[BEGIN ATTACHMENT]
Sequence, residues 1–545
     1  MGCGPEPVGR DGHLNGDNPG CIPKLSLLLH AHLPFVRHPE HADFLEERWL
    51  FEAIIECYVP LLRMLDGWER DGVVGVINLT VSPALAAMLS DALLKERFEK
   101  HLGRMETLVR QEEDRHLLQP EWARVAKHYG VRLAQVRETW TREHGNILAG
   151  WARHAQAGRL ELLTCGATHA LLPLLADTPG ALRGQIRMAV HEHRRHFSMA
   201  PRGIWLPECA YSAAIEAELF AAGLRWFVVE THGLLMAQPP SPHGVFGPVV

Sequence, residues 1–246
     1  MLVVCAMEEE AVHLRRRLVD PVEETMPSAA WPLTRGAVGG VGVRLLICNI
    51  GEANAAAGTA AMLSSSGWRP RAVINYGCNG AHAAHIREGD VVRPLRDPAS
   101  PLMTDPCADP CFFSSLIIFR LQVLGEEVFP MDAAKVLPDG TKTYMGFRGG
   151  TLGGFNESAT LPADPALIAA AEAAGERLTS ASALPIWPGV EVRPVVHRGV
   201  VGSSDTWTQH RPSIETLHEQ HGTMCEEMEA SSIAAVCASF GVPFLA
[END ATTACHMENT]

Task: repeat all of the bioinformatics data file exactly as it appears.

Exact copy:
Sequence, residues 1–545
     1  MGCGPEPVGR DGHLNGDNPG CIPKLSLLLH AHLPFVRHPE HADFLEERWL
    51  FEAIIECYVP LLRMLDGWER DGVVGVINLT VSPALAAMLS DALLKERFEK
   101  HLGRMETLVR QEEDRHLLQP EWARVAKHYG VRLAQVRETW TREHGNILAG
   151  WARHAQAGRL ELLTCGATHA LLPLLADTPG ALRGQIRMAV HEHRRHFSMA
   201  PRGIWLPECA YSAAIEAELF AAGLRWFVVE THGLLMAQPP SPHGVFGPVV

Sequence, residues 1–246
     1  MLVVCAMEEE AVHLRRRLVD PVEETMPSAA WPLTRGAVGG VGVRLLICNI
    51  GEANAAAGTA AMLSSSGWRP RAVINYGCNG AHAAHIREGD VVRPLRDPAS
   101  PLMTDPCADP CFFSSLIIFR LQVLGEEVFP MDAAKVLPDG TKTYMGFRGG
   151  TLGGFNESAT LPADPALIAA AEAAGERLTS ASALPIWPGV EVRPVVHRGV
   201  VGSSDTWTQH RPSIETLHEQ HGTMCEEMEA SSIAAVCASF GVPFLA